Most patients are surprised by just how comfortable the recovery following blepharoplasty can be. Panadol can be used to reduce discomfort if required. Patients may also use ice-soaked eye pads to help reduce any swelling after the procedure with soothing eye drops also available if needed.
Stitch Removal and Follow-Up
The stitches are removed 4 to 7 days later, and makeup may be worn from this time.
You will be seen for a final review 6 to 8 weeks following the surgery.
Risks of blepharoplasty surgery
- Infection and bleeding
- Dry, irritated eyes
- Difficulty closing your eyes or other eyelid problems
- Noticeable scarring
- Injury to eye muscles (causing double vision)
- Skin discoloration
- The need for a follow-up surgery if excess skin appears
- Temporarily blurred vision or, very rarely, loss of eyesight
- Pulling down of the lower eyelid (lower blepharoplasty only)
- Risks associated with surgery in general, including reaction to anaesthetic (nausea and vomiting being the most common) and blood clots in the legs
These risks will all be explained in detail to you during the consultation.
Before & After
Frequently Asked Questions
The most common age for eyelid surgery / blepharoplasty is during the 40s and 50s, but people may require this procedure earlier if their droopy eyelids are particularly bad.
Eyelid surgery is usually performed in hospital under general anaesthetic. Upper eyelid surgery takes one hour, and lower eyelid surgery about one-and-a-half hours. You can go home the same day but you will need someone to pick you up and care for you at least overnight.
Eyelid surgery should last at least 10 years, and is usually only needed once. In some patients, if the returning excess skin bothers them, then a blepharoplasty can be repeated.
The incisions are made in the natural crease of your eyelid and will gradually fade over time becoming barely visible.
The cost of upper eyelid surgery will depend on if your vision is affected enough to qualify for a Medicare item number. You will be given a referral to see an optometrist to check this prior to surgery, and you will be sent a detailed quotation which will cover the costs for Dr Lotz, the anaesthetist and any relevant hospital fees.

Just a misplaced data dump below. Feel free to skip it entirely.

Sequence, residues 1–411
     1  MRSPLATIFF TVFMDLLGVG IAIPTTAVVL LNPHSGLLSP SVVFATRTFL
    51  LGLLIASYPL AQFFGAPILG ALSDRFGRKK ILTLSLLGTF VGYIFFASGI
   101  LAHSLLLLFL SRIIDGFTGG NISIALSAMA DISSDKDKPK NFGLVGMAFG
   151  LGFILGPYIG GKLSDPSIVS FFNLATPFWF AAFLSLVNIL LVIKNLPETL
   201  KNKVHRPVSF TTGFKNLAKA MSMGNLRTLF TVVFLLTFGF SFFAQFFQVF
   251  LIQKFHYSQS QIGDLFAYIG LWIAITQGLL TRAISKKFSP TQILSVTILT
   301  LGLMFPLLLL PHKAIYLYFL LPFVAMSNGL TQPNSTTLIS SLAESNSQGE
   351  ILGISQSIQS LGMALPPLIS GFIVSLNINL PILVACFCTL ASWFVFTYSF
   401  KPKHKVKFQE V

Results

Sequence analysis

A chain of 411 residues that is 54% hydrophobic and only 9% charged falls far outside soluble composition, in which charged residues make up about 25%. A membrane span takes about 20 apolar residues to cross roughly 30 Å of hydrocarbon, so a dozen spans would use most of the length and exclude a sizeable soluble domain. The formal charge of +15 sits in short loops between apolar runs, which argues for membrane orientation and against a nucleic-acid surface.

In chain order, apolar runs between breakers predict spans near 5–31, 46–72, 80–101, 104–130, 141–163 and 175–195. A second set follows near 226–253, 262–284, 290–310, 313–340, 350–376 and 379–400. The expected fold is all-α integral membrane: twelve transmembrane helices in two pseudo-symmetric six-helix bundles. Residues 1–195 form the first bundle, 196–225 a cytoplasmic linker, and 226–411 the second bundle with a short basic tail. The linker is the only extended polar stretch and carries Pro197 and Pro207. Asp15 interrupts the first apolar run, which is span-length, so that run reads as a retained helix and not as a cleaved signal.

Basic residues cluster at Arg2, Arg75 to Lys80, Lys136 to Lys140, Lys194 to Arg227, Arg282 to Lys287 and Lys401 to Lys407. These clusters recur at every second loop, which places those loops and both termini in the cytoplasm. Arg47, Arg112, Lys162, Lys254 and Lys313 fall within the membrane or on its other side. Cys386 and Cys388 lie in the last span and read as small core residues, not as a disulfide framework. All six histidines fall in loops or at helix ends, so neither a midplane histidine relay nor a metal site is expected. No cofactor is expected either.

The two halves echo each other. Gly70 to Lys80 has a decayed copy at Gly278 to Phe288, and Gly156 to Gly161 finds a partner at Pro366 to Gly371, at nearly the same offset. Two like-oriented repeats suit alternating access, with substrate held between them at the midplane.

Lower eyelid surgery is never covered by your Health Fund as it is purely cosmetic.
There are possible Medicare rebates if your eyelid skin causes visual obstruction. This will be determined by an independent optometrist.
The Medicare item number is 45617 x 2.
Glasses can be worn immediately after surgery.
Contact lenses should be avoided for around 10-14 days.
You will be seen by Dr Lotz within a week of your surgery. Regular appointments are made to remove sutures and to check on your healing following surgery.
In cases where excess skin is reducing your visual field, then removing the skin can help improve your vision.
Most patients are surprised by just how comfortable the recovery following blepharoplasty can be. Panadol can be used to reduce discomfort if required. Patients may also use ice-soaked eye pads to help reduce any swelling after the procedure with soothing eye drops also available if needed. We do not bandage the eyes or occlude your vision.
Most patients have only minimal bruising following eyelid surgery, but we advise to allow 2 weeks recovery to allow bruising to fully settle.
There may still be some swelling for up to 6 weeks after surgery.